Robotic surgery systems or robot-assisted surgery, offer immense patient benefits -- from shorter recovery time to better surgeon visualization, which leads to a more precise, effective, and successful surgery. Robot systems are used for various surgical procedures, including urologic, gynecologic, cardiothoracic, general, and head and neck surgeries. Manufacturers and designers of these surgical systems are now focusing on robot specialization instead of all-encompassing surgical systems.
This means there will be more specialized systems developed to perform specific surgeries, and the breadth of those procedures is expanding too. General surgery uses are increasing the fastest, followed by gynecology and urology uses. In 2017, there were 877,000 robotic surgeries performed in the US alone. That number is expected to rise exponentially in the years to come.
Robotic surgery system manufacturers and engineers consider EMI shielding when designing their systems. EMI shielding prevents equipment failure and keeps manufacturers compliant with federal regulations. Understanding EMI and taking steps to prevent it is paramount, as the resultant issues could cause robots to behave unexpectedly, such as requiring frequent restarts, showing a limited radio frequency range, moving unintentionally or affecting other nearby robots.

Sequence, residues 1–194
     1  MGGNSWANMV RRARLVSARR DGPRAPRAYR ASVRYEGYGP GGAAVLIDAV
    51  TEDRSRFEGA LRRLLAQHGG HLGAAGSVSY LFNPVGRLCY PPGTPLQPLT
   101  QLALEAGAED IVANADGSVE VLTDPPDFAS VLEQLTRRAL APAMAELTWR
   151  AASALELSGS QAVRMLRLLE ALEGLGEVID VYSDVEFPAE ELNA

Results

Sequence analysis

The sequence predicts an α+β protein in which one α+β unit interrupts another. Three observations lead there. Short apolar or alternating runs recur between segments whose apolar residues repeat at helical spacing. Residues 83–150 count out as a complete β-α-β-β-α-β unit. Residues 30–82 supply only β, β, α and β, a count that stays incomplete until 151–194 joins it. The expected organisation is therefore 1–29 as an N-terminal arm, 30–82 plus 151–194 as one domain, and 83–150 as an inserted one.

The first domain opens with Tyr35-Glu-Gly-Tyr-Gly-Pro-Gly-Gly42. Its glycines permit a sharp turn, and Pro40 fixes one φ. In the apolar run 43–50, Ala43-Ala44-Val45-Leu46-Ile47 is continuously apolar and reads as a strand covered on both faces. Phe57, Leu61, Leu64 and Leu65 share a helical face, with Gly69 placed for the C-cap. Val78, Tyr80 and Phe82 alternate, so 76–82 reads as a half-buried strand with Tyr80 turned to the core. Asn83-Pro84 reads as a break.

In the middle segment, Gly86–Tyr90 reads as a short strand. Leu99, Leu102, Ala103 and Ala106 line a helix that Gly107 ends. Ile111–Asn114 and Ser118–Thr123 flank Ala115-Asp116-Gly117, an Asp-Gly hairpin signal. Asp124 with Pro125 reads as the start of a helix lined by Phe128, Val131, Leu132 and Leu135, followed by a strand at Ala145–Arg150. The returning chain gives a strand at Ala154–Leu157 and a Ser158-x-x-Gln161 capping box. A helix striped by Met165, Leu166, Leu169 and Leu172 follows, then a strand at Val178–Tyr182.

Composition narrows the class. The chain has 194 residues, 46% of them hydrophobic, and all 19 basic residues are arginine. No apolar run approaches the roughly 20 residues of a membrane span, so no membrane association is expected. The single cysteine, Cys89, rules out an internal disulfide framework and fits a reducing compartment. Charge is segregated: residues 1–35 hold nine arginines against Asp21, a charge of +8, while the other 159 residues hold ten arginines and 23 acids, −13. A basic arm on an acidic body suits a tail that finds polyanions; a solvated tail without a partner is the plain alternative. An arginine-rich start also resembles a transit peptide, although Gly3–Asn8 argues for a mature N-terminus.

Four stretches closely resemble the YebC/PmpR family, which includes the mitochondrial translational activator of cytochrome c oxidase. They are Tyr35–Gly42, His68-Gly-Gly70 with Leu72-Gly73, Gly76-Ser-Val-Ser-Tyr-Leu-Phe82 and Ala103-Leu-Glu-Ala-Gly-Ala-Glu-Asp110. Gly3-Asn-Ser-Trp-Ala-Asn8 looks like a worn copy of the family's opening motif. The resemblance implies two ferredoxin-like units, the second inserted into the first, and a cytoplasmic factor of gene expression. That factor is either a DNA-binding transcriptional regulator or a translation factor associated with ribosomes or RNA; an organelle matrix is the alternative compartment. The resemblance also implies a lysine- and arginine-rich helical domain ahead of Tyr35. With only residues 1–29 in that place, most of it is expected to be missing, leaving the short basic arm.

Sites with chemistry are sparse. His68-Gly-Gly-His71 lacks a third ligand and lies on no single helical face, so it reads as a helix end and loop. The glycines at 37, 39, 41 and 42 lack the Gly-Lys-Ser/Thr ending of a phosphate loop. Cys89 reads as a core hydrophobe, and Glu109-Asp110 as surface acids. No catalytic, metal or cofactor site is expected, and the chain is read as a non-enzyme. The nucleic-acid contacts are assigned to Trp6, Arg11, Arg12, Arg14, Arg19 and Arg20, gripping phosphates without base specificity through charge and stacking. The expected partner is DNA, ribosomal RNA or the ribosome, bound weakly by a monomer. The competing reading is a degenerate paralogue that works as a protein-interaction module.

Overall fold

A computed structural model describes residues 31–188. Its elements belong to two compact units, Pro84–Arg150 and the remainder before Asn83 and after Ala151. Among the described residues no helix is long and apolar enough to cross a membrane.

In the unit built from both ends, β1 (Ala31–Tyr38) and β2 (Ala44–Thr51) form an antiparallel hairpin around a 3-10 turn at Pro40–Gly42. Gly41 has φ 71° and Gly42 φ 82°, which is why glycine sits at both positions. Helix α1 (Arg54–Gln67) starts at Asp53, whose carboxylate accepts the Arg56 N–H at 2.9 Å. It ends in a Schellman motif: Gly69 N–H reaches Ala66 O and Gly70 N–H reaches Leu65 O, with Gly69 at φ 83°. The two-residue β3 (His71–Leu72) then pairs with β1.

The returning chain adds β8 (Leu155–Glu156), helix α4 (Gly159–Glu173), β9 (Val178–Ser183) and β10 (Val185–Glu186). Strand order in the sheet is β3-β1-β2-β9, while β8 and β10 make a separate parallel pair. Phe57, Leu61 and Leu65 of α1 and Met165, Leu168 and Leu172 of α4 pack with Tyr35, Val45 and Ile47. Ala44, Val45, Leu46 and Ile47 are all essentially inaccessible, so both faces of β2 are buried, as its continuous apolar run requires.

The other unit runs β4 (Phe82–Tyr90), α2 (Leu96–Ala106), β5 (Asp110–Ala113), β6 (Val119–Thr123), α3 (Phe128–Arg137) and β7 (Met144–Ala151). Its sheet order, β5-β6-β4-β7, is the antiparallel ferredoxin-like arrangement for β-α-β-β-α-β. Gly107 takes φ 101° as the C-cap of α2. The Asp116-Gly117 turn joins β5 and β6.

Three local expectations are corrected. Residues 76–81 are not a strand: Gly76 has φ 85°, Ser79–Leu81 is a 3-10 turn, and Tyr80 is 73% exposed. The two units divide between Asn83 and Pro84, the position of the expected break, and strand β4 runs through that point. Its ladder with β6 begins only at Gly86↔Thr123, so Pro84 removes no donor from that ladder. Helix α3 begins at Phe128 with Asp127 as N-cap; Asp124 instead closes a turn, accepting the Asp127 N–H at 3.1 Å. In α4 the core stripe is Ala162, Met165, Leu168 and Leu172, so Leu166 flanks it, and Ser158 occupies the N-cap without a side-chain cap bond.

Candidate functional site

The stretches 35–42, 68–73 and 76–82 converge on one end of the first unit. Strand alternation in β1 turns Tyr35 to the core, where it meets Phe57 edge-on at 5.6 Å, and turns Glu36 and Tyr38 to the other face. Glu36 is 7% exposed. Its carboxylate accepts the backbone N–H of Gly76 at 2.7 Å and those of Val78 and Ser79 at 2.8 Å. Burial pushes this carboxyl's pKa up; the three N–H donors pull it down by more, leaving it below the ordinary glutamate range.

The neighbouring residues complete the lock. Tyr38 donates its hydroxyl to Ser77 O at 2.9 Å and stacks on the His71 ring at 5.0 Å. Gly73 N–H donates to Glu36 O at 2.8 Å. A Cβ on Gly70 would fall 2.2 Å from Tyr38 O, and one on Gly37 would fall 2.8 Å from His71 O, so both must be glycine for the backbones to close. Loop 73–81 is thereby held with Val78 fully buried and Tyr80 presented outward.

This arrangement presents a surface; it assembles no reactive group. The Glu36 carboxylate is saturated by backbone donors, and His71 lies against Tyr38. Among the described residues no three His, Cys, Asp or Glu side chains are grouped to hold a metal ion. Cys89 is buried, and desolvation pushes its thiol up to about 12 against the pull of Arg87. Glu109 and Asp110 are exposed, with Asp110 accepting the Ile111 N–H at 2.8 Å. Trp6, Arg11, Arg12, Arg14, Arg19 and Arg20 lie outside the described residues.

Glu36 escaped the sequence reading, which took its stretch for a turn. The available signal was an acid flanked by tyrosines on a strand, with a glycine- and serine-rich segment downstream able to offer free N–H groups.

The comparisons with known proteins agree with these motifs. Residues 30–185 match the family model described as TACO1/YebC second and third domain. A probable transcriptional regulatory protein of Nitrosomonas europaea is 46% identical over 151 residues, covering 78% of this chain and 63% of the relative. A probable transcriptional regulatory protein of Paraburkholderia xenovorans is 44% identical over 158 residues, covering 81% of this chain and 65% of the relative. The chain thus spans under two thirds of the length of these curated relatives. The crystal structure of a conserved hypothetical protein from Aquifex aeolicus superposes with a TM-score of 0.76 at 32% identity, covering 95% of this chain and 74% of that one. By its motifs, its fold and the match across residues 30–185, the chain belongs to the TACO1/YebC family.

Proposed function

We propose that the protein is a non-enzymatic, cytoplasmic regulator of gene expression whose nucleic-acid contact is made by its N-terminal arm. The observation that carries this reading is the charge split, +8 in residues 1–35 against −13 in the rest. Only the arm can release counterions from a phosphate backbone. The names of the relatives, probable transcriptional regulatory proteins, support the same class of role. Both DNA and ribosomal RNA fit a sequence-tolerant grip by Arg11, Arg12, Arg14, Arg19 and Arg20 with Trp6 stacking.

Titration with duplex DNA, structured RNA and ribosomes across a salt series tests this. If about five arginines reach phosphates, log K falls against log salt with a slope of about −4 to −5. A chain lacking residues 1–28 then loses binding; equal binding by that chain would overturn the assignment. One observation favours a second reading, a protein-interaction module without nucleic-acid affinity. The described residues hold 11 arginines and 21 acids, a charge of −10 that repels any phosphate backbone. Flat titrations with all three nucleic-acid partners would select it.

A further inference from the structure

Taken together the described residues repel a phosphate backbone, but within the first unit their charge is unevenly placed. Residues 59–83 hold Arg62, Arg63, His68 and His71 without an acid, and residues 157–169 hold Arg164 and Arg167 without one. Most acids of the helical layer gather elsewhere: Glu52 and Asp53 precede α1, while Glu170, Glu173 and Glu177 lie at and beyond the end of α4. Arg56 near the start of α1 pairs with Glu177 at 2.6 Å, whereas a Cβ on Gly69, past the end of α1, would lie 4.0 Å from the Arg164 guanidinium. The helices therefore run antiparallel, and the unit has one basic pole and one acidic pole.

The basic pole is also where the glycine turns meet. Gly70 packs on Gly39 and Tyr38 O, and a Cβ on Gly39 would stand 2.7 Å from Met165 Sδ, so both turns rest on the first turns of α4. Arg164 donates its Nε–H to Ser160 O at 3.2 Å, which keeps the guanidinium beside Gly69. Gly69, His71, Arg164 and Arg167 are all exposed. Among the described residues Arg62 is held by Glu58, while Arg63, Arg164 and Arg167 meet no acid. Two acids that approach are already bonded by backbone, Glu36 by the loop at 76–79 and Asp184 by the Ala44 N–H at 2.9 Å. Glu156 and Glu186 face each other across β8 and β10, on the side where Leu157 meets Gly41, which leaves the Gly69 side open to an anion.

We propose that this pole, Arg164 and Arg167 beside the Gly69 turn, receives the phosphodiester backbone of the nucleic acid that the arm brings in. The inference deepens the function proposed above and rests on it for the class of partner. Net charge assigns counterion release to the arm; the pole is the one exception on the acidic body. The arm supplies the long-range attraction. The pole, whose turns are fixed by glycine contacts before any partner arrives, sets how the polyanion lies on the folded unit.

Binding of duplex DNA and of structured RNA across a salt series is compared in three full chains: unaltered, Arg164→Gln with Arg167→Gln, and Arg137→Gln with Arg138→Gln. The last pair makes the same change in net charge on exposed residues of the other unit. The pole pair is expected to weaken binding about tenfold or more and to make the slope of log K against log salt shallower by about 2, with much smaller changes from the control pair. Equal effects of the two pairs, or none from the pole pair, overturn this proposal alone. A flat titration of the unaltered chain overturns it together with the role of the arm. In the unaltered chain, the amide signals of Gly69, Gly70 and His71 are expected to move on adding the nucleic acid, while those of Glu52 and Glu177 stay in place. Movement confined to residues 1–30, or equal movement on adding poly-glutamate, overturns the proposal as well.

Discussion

Remember, EMI is when electromagnetic emissions from a device or natural source interfere with another device or system. EMI might occur if the following three factors are present — the source of EMI, a coupling path, and a receptor.
The coupling path from the source to the receptor can be either an electric current, magnetic field, or electromagnetic field. The EMI source can be a natural source, such as lightning. It can also come from devices such as radios, computers, wireless networks, cell phones, or any electric device designed to transmit signals.
Robotic surgery systems are computer-controlled, and therefore sensitive electronic components must be shielded from electromagnetic interference (EMI) and generated heat must be effectively dissipated from various integrated circuits (ICs). On top of these stringent requirements, components must be able to withstand high heat sterilization and resist damage caused by harsh chemical cleaning agents in the hospital environment.
With proven solutions in EMI shielding and critical thermal management, Parker Chomerics gives you a wealth of integrated, multi-technology systems and components that meet or exceed your specifications and expectations.
This blog post was contributed by Jarrod Cohen, marketing communications for Parker Chomerics.